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How to Use Addiction Regret to Make Better Decisions in Recovery

“We can complain because rose bushes have thorns, or rejoice because thorn bushes have roses.” As Abraham Lincoln said, it’s what we make of our situation than the situation itself. So how can we use the regret that comes along with addiction and turn it into something positive for the future?

Many people get trapped in their “cycle of negative thinking” and get pulled back into their addiction from it. For example, picture these situations:

  • Frank’s drug use caused him to get fired from his job, and it left him with depression. This resulted in a cycle of continued drug use and he felt as if his life would never get better. He decided to make some changes in his life. Two years later and looking back on his experience, he begins to feel the same depressed feelings about his situation. Once again, he gets drawn back into his addiction.
  • When Grace was suffering from her addiction, she began fighting with her family members. She didn’t speak to her mom and she ruined her relationship with her father. Now, one year later, she is sober and wants to change her lifestyle. Although she wants to make positive changes, she keeps experiencing deep remorse and depression from remembering what she put her family through in the past. She begins to pull herself further from her family and gets pulled back into where she started.

Frank and Grace keep getting pulled back into their addictions because of their deep regret about their pasts. If you are stuck in this cycle, you have two options: will you fall back into the trap, or will you persevere and come out a better person?

Regret is natural, especially for situations dealing with addiction. Although regret is a normal part of overcoming an obstacle, you can either pick yourself up or fall back into the trap. Embrace the choices you’ve made in the past, and realize that there is hope for a better future.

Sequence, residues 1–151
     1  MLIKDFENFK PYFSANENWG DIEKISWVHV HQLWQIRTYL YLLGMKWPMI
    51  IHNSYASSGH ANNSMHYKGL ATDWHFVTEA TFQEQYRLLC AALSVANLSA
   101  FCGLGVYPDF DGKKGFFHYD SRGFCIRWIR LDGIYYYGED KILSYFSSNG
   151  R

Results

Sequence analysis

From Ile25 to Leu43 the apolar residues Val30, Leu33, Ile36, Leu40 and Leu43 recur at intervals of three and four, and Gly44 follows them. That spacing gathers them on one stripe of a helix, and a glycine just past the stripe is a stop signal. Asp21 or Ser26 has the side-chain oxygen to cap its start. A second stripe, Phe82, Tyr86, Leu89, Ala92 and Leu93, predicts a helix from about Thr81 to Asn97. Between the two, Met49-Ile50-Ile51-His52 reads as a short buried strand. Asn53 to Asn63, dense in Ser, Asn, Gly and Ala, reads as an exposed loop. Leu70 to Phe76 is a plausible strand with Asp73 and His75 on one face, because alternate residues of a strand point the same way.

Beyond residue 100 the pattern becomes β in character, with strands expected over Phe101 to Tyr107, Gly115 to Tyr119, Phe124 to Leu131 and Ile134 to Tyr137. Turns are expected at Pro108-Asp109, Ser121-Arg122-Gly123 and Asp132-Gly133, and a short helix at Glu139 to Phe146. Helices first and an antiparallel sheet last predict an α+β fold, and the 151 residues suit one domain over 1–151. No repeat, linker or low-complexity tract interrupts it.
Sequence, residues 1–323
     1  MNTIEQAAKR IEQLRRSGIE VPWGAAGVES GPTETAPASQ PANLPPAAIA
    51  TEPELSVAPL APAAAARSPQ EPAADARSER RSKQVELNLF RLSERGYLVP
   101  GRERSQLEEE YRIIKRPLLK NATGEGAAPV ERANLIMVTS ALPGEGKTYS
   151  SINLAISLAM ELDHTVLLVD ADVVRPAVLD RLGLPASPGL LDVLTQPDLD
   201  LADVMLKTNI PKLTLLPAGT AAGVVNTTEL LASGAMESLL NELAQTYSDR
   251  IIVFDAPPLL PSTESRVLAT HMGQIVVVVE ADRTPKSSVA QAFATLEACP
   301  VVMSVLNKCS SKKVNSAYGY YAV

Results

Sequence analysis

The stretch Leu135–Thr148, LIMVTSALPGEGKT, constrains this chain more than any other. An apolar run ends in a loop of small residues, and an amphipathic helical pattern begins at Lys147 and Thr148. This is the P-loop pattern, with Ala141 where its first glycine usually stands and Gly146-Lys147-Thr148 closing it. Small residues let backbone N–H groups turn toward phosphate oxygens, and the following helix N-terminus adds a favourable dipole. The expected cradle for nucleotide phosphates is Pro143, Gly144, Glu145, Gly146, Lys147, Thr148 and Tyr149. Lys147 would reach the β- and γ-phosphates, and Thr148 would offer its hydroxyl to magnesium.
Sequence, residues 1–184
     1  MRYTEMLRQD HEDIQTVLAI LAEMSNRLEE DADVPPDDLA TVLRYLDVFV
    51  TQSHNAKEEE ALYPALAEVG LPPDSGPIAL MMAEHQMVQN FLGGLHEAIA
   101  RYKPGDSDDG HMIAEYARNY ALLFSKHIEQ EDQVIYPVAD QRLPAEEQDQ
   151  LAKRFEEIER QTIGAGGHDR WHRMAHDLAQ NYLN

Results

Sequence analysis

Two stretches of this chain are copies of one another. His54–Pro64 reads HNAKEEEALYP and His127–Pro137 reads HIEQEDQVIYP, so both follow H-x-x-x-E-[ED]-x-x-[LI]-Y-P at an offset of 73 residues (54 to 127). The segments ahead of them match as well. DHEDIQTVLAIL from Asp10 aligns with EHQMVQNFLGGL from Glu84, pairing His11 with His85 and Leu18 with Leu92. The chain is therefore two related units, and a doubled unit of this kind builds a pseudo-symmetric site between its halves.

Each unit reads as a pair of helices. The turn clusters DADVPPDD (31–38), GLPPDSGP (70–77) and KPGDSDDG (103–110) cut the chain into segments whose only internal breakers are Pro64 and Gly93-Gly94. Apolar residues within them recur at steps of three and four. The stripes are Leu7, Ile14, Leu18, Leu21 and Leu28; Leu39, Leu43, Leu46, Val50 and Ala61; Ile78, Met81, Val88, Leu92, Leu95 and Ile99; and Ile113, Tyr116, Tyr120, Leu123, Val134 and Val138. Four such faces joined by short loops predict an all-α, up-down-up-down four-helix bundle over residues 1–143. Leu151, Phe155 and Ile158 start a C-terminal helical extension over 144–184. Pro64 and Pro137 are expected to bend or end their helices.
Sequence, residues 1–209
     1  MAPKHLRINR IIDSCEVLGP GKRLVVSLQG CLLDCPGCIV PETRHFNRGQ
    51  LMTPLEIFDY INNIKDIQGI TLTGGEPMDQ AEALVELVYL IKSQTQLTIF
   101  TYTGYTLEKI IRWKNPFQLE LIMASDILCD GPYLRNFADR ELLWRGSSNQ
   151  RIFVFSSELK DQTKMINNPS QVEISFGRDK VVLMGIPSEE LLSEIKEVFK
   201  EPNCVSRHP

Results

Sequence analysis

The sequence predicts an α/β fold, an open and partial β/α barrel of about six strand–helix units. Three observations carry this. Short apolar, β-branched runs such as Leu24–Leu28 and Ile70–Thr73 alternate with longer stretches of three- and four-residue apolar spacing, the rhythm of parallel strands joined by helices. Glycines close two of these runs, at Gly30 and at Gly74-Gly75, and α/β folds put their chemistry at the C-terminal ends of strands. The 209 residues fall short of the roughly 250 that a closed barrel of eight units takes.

Frank and Grace should have ACCEPTED their past instead of feeling remorse and sadness. Look at how the acceptance of their situations changed their lives:

  • Two years out of his addiction, Frank became clean. He stayed away from all possible triggers, started going to some therapy, and changed his lifestyle habits. He is close with his supportive family. Most of all, he accepted the past; he knows what he has done, accepts it, and has moved on to be a better person. He hopes to help others suffering from addiction.
  • Instead of pulling herself away from her family, Grace decided to make amends with each of them. She starts spending more time at the house and talking to each family member. She recognizes their feelings and there is now a mutual understanding of what happened in the past and what is hoped to happen in the future. Grace’s family now is supportive of her recovery process and wants to help her succeed.

It is important to do two things: “anticipate regret” and “act differently.” By anticipating regret and figuring out what causes those feelings, we can change our actions to help our mental state. By acting differently, we can choose not to make the same choices in the future that affect us negatively.

YOU have the power to control your life. Even if you may have had negative situations in the past with addiction, you can take what you have learned from them and move on. You may even be able to help someone else.